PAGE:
So for the listeners who aren't so familiar with you, what is you do?

Rian Doris 4:18
Sure, yeah, so I run a company called the flow research collective with a fellow who some of your listeners may know called Steven Kotler and Stephens written 12 National best selling books. And he is considered one of the world's leading experts on flow state and the science of peak performance. He's been featured everywhere from Time magazine to being on Joe Rogan to working with and training organisations like Google and the US Naval War College and the centre. And so Steve and I set up the flow research collective with the goal being that we do too. main things one is research as is in the name, and then one is training. on the research side, the goal is to decode the neurophysiology of peak performance, which in simpler terms means to understand what is going on in the brain. And in the body, when humans are performing at peak capacity are performing at their best, which tends to coincide with being in what we call flow state. And we're doing that through partnerships with Stanford and UCLA, and a number of other organisations and institutions, we partner with researchers and academics, within academic institutions and assist with their research in order to achieve that objective. And then on the training side, we work with entrepreneurs and executive teams and other business leaders, and help them implement neuroscience based peak performance practices, strategies and tools to help them get more done in less time and improve their ability to access flow with consistently so they can improve the professional results they're trying to get across the board. And we've built a team of PhD level coaches, psychologists and neuroscientists who work one on one with our clients in order to support them and in achieving peak performance sustainably. Hmm.

Tony Winyard 6:25
It sounds fascinating., how did you get hooked up with Steven Kotler?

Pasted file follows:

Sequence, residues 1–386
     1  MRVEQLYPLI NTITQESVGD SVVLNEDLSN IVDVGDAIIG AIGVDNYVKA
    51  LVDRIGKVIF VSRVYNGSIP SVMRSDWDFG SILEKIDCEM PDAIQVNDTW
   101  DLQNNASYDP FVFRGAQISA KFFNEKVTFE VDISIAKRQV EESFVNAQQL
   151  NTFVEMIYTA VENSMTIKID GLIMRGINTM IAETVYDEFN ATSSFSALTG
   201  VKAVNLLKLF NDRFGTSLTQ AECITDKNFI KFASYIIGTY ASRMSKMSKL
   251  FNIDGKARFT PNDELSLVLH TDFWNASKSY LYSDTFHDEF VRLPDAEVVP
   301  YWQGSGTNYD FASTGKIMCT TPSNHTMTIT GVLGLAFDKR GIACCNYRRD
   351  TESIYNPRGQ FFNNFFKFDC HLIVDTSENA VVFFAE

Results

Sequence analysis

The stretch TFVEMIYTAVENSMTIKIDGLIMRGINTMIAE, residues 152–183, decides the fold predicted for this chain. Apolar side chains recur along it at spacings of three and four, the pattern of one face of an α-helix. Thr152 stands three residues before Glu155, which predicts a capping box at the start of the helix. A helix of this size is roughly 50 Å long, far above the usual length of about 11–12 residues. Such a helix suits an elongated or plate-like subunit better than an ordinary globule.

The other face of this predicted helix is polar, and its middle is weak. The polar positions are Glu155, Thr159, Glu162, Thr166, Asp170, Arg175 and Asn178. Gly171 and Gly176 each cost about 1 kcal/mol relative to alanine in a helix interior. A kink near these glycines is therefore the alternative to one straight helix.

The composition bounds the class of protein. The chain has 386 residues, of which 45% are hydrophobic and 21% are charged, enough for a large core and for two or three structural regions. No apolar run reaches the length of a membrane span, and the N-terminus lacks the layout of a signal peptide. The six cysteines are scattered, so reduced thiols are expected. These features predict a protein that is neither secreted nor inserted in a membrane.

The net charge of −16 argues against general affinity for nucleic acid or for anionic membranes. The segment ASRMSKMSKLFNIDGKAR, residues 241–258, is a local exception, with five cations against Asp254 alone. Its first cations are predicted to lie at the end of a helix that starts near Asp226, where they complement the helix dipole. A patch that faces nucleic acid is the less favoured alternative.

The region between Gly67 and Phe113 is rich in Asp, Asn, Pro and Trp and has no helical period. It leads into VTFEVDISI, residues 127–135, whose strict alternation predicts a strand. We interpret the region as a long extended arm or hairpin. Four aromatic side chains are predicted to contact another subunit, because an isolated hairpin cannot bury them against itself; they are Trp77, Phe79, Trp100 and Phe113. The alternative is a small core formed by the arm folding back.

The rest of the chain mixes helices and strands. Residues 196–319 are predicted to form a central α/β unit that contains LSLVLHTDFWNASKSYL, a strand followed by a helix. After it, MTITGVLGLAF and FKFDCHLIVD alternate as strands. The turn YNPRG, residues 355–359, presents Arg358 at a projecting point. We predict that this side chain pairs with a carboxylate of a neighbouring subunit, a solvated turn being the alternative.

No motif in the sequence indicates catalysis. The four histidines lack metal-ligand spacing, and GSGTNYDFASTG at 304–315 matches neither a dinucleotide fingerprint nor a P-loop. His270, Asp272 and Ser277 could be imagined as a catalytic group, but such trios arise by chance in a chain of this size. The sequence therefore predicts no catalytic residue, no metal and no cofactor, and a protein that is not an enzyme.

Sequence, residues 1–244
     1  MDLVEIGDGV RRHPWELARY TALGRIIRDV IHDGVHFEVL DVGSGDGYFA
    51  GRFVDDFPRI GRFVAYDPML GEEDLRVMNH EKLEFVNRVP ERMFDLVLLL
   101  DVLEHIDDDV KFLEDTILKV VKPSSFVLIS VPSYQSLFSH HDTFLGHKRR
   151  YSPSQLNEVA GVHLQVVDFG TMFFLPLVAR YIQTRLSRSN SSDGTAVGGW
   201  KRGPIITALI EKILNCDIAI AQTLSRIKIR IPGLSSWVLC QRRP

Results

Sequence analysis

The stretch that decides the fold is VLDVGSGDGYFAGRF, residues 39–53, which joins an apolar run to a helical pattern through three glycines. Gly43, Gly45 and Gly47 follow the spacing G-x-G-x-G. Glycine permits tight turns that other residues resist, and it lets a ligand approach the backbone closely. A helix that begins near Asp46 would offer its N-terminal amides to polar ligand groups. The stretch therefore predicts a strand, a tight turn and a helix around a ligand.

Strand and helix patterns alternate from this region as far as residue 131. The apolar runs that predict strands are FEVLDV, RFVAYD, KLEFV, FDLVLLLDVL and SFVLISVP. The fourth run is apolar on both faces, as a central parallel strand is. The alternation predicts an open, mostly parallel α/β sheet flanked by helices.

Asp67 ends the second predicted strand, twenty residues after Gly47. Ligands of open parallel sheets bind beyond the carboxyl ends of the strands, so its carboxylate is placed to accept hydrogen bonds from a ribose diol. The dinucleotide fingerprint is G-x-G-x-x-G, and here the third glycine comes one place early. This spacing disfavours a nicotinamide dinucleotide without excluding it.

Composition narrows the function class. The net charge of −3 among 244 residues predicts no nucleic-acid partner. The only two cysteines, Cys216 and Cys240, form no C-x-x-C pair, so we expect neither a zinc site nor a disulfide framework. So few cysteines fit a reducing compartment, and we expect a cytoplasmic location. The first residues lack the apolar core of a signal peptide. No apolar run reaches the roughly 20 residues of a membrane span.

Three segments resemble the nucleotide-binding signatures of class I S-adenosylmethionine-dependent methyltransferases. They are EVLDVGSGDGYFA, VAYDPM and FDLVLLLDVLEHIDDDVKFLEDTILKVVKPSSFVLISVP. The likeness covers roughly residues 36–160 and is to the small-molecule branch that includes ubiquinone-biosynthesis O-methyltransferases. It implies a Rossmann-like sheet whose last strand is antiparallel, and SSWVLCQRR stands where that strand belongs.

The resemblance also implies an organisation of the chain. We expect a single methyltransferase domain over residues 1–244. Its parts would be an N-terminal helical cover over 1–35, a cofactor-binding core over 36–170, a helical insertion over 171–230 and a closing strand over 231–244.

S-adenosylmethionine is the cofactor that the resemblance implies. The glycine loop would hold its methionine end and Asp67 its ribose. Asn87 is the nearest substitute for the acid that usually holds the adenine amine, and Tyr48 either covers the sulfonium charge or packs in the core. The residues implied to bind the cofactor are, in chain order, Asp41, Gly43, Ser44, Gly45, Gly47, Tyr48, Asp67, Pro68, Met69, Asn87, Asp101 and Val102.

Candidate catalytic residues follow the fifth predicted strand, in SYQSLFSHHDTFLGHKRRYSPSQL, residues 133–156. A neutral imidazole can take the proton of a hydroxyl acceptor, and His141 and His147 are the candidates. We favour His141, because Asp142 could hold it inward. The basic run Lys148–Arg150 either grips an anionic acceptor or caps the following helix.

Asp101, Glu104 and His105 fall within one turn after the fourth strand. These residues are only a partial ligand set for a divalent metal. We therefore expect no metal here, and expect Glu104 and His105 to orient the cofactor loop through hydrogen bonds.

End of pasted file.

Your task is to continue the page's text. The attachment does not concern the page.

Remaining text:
Rian Doris 6:30
When I was in college A number of years ago, I developed when I was when I was young, even 1516 became very, very ambitious and driven and developed through reading some of the classic sort of self help books that I'm sure you're aware of from Tony Robbins to Think and Grow Rich, and that kind of thing, just developed it extreme ambition and hunger to try and build something or become something or do something meaningful and worthwhile. And so develop the habit, one in college of just reaching out to constantly reaching out to people who I've found inspiring and who I aspired to be like, or have similar impact to. So I would just incessantly whenever I see some on a podcast, or read a book, I would hunt down their their contact details online. And sometimes I'd go to very obscure extents, in order to do so from adding the their team members on their personal Facebook pages, and basically harassing anyone who was in any in any distance of them. But in almost all instances, I would get extremely positive responses and also managed to connect with an amazing amount of extremely high level people on people even know the names of just through cold outreach, I would just sound the student, you know, how can I help I see you're doing this, how can I add value I want to help, here's something I could do that might help the this kind of narrative of just trying to bring energy and enthusiasm to the table and add value. And so anyway, I was doing that for years and ended up getting some amazing internships and opportunities out of it as a result, mostly us base. And so one example I worked with Keith ferrazzi, who is a very well known author and speaker and expert on peak performance within teams. He wrote a book called gnabry loan by networking, which was a huge New York Times best selling head. And so managed to work with him for a whole summer in LA and setting his place in the Hollywood Hills and got to meet amazing people as a result of that. And then Steven I interacted with and Canada contact with in the first place through a sort of similar approach. I listened to him on a podcast, I love what he was talking about with respect to flow and peak performance found at immensely, immensely interesting and really appreciated how science based and rigorous he was, I could tell that as a distinguisher, just from hearing him on the podcast that I added him on on his personal Facebook page, and preparation, mass opportunity, and cause the luck of him just posting asking for interns that five years ago at this point. So I reached out to him, started working with him, as an intern scale up my portfolio of work more and more on than 18 months ago, a number of different things happened, which made it makes sense for us to set up the flow research collective together.